PARIS — Despite weaker-than-expected sales growth and sharp declines in profits during the first half of 2016, Hennes & Mauritz AB remains upbeat about the future.
“It has been a challenging half-year for fashion retail in many markets, but we have great confidence going forward and are continuing to develop our offering further within all our brands,” stated H&M chief executive officer Karl-Johan Persson.
Net profits for the Swedish fast-fashion retailer declined 21.5 percent to 7.9 billion Swedish kronor, or $945.5 million, in the six months ended May 31 compared with the prior-year period. Pre-tax profit after financial items dropped 22 percent to 10.33 billion Swedish kronor, or $1.24 billion, the retailer said. H&M’s gross margin, a key indicator of profitability, fell 2.5 percentage points to 54.9 percent.
As reported, sales including VAT increased 5 percent to 104.97 billion in the period, or $12.56 billion. In local currencies, they grew 7 percent, H&M said.
Unseasonably bad weather in March and April had a negative impact on sales in certain markets. Among H&M’s top-10 markets, first-half sales in Germany were flat, while they fell 2 percent in France and grew just 1 percent in the U.K. In Spain, sales fell 1 percent and in Switzerland they dropped 8 percent.
During a conference call with analysts, H&M head of investor relations Nils Vinge said, “Is it macro, is it micro, is it consumer sentiment?” he asked. “It’s very difficult to tell.”
Vinge said the company had performed well in Scandinavia during the period, with sales up 7 percent in Sweden, notably. “We could not have done that if the collection was weak,” he said.
First-half revenues grew 7 percent in the U.S. and 3 percent in China.
For the second quarter, H&M’s net profits fell 16.9 percent to 5.36 billion Swedish kronor, or $650.5 million, on a 2 percent sales rise to 54.34 billion Swedish kronor, or $6.59 billion.
Dollar rates are calculated at average exchange rates for the period.
“Profits in the second quarter have been affected by a continued negative U.S. dollar effect, but also by increased markdowns and the costs of our long-term investments,” said Persson. “The fact that the sales increase in the quarter was below plan naturally also had an impact on profits.”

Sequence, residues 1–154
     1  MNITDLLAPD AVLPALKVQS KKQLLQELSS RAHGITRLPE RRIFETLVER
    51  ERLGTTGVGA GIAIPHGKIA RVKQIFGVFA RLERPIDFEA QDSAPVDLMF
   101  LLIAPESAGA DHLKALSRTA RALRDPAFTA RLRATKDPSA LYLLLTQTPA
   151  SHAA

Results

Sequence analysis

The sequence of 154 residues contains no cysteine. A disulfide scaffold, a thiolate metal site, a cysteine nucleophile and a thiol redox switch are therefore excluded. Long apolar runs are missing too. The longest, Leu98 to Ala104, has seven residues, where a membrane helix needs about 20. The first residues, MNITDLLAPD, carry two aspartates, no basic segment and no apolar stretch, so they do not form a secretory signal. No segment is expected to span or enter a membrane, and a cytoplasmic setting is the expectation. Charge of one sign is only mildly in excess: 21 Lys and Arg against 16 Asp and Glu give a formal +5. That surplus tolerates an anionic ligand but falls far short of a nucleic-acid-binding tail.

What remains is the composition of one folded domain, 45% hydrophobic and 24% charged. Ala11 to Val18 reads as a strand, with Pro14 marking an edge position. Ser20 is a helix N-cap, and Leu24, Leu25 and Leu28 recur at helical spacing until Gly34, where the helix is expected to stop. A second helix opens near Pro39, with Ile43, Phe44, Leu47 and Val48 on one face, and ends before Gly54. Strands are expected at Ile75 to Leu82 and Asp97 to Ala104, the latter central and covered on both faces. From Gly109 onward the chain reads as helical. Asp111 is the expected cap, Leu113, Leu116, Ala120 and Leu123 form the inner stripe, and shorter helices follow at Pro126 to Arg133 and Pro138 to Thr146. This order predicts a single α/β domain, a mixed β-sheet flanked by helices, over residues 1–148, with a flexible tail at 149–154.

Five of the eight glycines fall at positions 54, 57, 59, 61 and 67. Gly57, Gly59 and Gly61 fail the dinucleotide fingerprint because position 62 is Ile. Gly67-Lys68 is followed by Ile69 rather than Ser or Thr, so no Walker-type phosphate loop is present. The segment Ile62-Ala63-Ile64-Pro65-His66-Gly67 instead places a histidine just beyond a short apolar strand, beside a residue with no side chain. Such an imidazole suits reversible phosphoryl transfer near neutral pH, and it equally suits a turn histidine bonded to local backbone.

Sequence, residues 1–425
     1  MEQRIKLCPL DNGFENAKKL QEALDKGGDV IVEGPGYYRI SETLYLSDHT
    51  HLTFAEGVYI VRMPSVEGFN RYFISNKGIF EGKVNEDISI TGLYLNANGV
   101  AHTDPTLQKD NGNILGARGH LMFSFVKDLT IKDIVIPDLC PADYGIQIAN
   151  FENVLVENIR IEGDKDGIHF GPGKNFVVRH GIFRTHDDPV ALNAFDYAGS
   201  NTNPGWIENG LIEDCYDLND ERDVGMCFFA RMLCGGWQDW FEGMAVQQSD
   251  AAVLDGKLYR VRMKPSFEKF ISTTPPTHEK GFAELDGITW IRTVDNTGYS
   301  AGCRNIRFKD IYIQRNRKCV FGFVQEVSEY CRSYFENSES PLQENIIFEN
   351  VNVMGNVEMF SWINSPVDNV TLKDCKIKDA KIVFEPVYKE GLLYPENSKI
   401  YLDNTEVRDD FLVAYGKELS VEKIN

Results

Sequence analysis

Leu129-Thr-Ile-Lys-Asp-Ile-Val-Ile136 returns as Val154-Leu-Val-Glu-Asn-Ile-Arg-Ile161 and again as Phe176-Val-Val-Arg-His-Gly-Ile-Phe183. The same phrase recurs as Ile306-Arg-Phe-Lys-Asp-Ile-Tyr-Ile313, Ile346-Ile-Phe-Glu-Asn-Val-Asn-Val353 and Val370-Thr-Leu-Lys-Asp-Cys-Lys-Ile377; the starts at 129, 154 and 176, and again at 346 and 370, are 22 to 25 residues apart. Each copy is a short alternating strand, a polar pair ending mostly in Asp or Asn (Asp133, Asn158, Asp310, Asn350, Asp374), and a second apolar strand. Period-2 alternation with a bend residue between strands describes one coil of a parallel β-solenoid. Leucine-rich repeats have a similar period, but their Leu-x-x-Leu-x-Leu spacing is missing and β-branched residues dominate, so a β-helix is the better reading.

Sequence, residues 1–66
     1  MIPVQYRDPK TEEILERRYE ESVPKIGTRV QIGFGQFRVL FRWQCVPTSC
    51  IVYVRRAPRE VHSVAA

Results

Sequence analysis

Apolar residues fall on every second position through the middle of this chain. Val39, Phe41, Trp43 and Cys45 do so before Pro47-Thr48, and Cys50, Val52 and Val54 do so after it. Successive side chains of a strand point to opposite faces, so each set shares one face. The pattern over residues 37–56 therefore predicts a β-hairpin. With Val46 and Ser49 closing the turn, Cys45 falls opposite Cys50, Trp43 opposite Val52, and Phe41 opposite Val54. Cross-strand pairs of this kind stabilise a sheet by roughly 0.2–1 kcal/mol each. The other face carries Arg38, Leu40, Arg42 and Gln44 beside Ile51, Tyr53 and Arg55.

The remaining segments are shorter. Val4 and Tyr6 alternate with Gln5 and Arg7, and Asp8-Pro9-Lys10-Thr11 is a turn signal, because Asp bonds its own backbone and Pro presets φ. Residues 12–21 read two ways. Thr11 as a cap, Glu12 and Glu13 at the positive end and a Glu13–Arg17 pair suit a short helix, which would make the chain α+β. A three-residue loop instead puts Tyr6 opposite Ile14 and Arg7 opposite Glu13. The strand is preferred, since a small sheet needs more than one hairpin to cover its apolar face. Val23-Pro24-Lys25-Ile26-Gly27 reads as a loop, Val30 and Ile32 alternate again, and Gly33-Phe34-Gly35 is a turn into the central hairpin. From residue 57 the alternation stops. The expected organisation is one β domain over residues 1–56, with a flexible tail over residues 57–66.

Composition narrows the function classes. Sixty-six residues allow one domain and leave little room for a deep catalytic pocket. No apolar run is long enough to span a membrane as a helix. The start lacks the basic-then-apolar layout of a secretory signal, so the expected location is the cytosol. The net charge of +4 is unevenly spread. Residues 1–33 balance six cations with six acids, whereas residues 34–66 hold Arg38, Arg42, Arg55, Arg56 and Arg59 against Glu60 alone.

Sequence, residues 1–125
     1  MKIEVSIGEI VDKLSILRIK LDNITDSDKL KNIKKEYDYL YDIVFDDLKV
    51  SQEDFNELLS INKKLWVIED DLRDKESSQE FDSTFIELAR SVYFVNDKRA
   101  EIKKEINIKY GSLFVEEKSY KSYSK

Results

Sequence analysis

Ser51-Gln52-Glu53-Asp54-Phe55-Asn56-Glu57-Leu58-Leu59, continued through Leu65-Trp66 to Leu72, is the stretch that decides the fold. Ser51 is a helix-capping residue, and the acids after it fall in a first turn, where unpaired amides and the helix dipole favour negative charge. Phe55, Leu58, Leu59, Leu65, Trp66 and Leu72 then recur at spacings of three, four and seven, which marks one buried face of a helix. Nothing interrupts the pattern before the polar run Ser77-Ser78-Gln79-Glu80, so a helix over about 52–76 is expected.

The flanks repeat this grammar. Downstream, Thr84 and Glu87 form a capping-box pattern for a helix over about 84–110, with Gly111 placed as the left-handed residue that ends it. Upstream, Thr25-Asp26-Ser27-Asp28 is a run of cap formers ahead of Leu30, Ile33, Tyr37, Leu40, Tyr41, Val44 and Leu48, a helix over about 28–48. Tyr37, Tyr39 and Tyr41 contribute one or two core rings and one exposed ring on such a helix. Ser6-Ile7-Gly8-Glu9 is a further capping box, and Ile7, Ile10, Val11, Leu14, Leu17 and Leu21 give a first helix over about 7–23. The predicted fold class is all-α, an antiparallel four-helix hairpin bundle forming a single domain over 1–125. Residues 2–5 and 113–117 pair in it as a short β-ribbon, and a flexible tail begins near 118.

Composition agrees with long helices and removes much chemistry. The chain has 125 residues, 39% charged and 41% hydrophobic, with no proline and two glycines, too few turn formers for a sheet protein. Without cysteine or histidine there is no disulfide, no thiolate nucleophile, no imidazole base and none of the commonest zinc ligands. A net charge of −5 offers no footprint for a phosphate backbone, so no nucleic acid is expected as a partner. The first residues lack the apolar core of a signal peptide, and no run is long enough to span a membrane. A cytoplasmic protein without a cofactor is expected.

The negative dollar effect is expected to continue to impact purchasing costs in the third quarter, although providing current exchange rates remain stable, the retailer said the dollar effect could potentially be neutral in the fourth quarter.
Providing guidance on current trading, the company said its sales including VAT in the three weeks to June 21 grew 7 percent in local currencies, and that this should be interpreted against sales growth of 14 percent in June last year.
H&M reduced its CAPEX guidance for the full year to between 12.5 and 13 billion Swedish kronor, or $1.52 billion and $1.58 billion at current exchange, although Vinge said this was due to negotiating better terms than anticipated for new store leases, rather than a reduction in planned investments. “When we enter a year, we give guidance, but it is a moving target,” he explained.
The retailer anticipates opening approximately 425 stores net this fiscal year, with the U.S. and China continuing to be its main focus for expansion. Most of the stores will be under core banner H&M, although COS is also a focus of expansion.
COS will open five new markets next year, Vinge said, when the brand is expected to hit sales of 10 billion Swedish kronor, or $1.21 billion at current exchange.
Both COS and & Other Stories, Vinge said, are continuing to see strong sales growth, including on a like-for-like basis.
Despite its lower CAPEX figure for 2016, the retailer maintained its long-term goal of growing its store count by 10-15 percent per year going forward. “If we can’t grow with the same quality and profitability, we will revise that target,” said Vinge. “We see the same potential for many years [to come].”
“There is still a big need for many people across the world to buy fashion,” said Vinge. “We see great potential in many markets.”
New markets for physical stores in the second half of 2016 will be New Zealand and Cyprus, and next year, H&M plans to enter five new countries, including Colombia.
The retailer said its e-commerce activity had continued to develop satisfactorily in the second quarter, when it launched in nine new markets in Europe as well as in Japan. Canada and South Korea will follow during the second half, meaning the firm will be present online in 34 countries before the end of the year. Further rapid development is planned for 2017.